Ice Age: Continent Drift airs tonight on C8. Did you know that in the beginning the story of the film had to take place in a museum today?
The fourth installment in the Ice Age saga, La Drift des Continents was released in theaters in June 2012, totaling 6.6 million admissions in France and $ 877 million at the international box office. In the feature film, the clumsy Scrat will this time cause an upheaval on a planetary scale. The continental cataclysm it unleashes propels Manny, Diego and Sid on their greatest adventure. While the world is literally moving, Sid will find his terrible grandmother, and the little troop will face a bunch of pirates determined to prevent them from returning home …
From the thaw to the drift of the continents
If the story of the feature film goes well in prehistory, the writers had initially considered something else. The film – which had the working title “Ice Age: Th4w”, was to be set in our time! It was indeed expected that Sid, Manny, Diego and their friends wake up nowadays, during the thaw and in a museum! An idea born from the 2006 short film No time for nuts in which Scrat travels through the ages. Eventually the idea was abandoned.
First film without Carlos Saldanha
If the director Carlos Saldanha participated in the staging of the 3 previous opus, the latter was not involved in La Dérive des Continents. Mike Thurmeier, already working on Ice Age 3 – Dinosaur Time and No time for nuts, co-directed the film with Steve Martino, director of Horton and the short film Scrat’s Continental Crack-Up. Meanwhile, Brazilian Carlos Saldanha was working on another animated and animalistic film from Blue Sky studios: Rio.
A Lannister instead of an Avengers
Originally, Jeremy Renner was to dub one of the new characters in this animated film. The actor, who plays Hawkeye in Avengers, was to lend his voice to Captain Gutt, a Gigantopithecus Blacki (a prehistoric gorilla who, according to the fossils found, could measure 3 meters and weigh 540 kilos), who leads the terrible band of pirates from the movie. But for reasons of schedule, the actor finally had to leave the ship. It is actor Peter Dinklage, awarded at the Golden Globes for his role as Tyrion Lannister in the famous Game of Thrones series, who took his place.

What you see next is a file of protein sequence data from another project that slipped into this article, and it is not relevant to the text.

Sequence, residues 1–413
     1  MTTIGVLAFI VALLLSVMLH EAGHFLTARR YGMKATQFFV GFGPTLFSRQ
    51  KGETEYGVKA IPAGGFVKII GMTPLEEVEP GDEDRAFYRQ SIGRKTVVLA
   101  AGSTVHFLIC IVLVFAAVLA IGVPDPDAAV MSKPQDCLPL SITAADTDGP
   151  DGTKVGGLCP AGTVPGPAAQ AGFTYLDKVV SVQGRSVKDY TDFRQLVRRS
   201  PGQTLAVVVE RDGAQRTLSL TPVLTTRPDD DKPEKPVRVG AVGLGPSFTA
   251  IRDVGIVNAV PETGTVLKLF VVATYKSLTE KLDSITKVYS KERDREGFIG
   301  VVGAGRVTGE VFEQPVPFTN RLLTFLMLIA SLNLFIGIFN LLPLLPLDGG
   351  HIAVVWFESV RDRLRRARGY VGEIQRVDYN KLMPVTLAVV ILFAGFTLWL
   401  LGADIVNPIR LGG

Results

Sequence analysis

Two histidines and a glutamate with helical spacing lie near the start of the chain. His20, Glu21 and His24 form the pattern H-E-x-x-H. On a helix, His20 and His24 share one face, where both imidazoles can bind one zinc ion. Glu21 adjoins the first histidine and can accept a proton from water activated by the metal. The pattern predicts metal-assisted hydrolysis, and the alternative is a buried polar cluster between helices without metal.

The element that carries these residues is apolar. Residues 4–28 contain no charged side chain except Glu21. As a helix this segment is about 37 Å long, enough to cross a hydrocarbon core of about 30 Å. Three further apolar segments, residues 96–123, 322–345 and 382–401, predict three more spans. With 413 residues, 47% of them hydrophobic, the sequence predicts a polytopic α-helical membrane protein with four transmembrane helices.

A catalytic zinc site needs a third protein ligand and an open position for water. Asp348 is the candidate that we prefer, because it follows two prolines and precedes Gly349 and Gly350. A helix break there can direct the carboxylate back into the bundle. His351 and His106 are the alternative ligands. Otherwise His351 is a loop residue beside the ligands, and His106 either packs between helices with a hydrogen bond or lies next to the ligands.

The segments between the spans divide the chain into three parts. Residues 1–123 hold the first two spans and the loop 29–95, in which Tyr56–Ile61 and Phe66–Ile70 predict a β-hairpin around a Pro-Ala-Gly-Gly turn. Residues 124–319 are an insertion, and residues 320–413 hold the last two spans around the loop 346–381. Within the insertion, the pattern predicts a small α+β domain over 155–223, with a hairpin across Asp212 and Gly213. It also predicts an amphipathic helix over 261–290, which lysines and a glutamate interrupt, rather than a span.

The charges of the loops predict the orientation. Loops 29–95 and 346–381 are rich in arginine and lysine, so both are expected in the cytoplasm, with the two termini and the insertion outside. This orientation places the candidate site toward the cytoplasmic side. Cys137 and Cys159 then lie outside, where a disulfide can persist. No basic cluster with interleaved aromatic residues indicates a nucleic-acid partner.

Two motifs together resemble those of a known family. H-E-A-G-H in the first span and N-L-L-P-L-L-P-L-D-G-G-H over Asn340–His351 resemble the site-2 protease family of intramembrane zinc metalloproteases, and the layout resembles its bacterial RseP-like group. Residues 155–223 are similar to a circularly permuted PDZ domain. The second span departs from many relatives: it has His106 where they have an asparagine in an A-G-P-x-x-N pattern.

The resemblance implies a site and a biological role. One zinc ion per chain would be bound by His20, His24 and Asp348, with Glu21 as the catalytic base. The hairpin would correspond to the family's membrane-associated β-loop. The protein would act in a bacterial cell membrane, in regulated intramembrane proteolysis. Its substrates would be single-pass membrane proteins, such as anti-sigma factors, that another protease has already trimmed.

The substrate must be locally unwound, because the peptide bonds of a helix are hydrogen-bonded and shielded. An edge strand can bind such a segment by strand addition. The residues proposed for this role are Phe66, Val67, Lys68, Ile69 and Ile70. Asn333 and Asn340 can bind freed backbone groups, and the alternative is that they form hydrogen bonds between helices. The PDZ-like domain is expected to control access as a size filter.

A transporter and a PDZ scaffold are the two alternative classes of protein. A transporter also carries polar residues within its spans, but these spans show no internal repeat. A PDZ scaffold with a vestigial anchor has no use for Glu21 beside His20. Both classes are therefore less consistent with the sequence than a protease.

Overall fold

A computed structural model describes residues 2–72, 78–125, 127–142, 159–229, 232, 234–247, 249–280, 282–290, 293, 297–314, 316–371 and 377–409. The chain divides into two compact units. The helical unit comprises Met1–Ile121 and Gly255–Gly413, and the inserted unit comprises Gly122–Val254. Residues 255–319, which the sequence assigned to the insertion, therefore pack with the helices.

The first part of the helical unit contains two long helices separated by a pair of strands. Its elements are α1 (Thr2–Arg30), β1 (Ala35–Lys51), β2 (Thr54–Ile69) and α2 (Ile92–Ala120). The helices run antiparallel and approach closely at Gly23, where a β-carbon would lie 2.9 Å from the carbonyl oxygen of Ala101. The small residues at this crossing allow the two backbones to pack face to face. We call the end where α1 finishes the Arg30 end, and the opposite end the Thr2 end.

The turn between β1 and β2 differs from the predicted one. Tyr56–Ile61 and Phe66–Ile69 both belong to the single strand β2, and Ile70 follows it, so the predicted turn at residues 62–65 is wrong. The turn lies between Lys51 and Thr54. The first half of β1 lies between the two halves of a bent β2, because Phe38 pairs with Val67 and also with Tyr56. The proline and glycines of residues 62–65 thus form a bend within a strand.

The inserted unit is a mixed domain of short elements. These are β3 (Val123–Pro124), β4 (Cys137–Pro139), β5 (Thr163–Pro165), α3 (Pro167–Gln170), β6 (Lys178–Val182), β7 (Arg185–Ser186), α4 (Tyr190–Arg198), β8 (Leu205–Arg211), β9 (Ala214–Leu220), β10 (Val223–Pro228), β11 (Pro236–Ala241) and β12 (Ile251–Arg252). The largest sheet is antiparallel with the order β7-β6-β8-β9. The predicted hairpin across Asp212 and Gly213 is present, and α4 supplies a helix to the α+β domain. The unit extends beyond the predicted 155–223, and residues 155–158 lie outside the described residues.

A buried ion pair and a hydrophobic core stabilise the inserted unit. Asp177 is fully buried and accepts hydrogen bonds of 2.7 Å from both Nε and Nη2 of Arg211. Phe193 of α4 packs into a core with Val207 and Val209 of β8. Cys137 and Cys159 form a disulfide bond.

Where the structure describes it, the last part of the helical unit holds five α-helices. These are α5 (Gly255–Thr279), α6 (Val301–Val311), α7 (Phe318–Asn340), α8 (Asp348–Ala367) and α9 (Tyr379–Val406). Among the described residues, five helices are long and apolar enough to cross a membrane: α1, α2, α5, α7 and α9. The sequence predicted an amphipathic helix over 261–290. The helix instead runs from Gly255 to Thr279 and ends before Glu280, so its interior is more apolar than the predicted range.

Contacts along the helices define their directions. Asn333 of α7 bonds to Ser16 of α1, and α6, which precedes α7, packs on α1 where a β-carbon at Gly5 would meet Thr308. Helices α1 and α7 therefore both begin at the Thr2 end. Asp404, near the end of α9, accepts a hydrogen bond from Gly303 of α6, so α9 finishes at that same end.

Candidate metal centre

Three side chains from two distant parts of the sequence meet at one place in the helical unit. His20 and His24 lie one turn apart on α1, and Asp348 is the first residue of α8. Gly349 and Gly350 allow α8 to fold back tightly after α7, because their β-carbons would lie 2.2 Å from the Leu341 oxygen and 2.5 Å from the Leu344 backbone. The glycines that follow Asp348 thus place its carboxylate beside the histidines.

It was then the first dubbing experience of Dinklage who has since repeated the experience with Angry Birds in 2016 (he dubbed the Valiant Eagle) and The Croods 2 – which will soon be released in theaters and in which he lends his voice. to Phil Bettermann, the father of the “modern” prehistoric family. In the French version of Ice Age 4, it is the dubbing actor Pascal Casanova who lends his voice to Gutt.
French vocal casting
On the French vocal casting side, the irreplaceable Gérard Lanvin, Vincent Cassel and Elie Semoun resume their respective roles while Christophe Dechavanne once again lends his voice to the opossum Crash. Alain Chabat briefly joins the small troop since he lends his voice to Silas, a giant petrel (a kind of big seagull) in the French version but also in the original version. After playing an ogre (Shrek), the actor and director here doubles as a pirate bird.
Actress Évelyne Grandjean doubles as Sid’s terrible Granny, while Laura Blanc, regular voiceover for Rebecca Ferguson, Rosamund Pike and Jennifer Garner, lends her voice to the saber-toothed tigress, Kira. A character played by Jennifer Lopez in the original version.
Singers to the cast
But Ice Age: Continental Drift also brings together an impressive number of singers to its vocal cast, while the feature film hardly features any songs. Besides J-Lo who doubles as Kira, R’n’B singer Keke Palmer lends her voice to Peach, Manny and Ellie’s daughter, Nicki Minaj doubles as Steffie a teenage mammoth while rapper Drake lends his voice to Ethan, the mammoth that Peach is in love with. All this casting is obviously put to contribution for the final credits of the film since the singer Ester Dean (who briefly doubles a mermaid) composed the title “We are” interpreted by the original vocal cast of the film.
The clip “We are”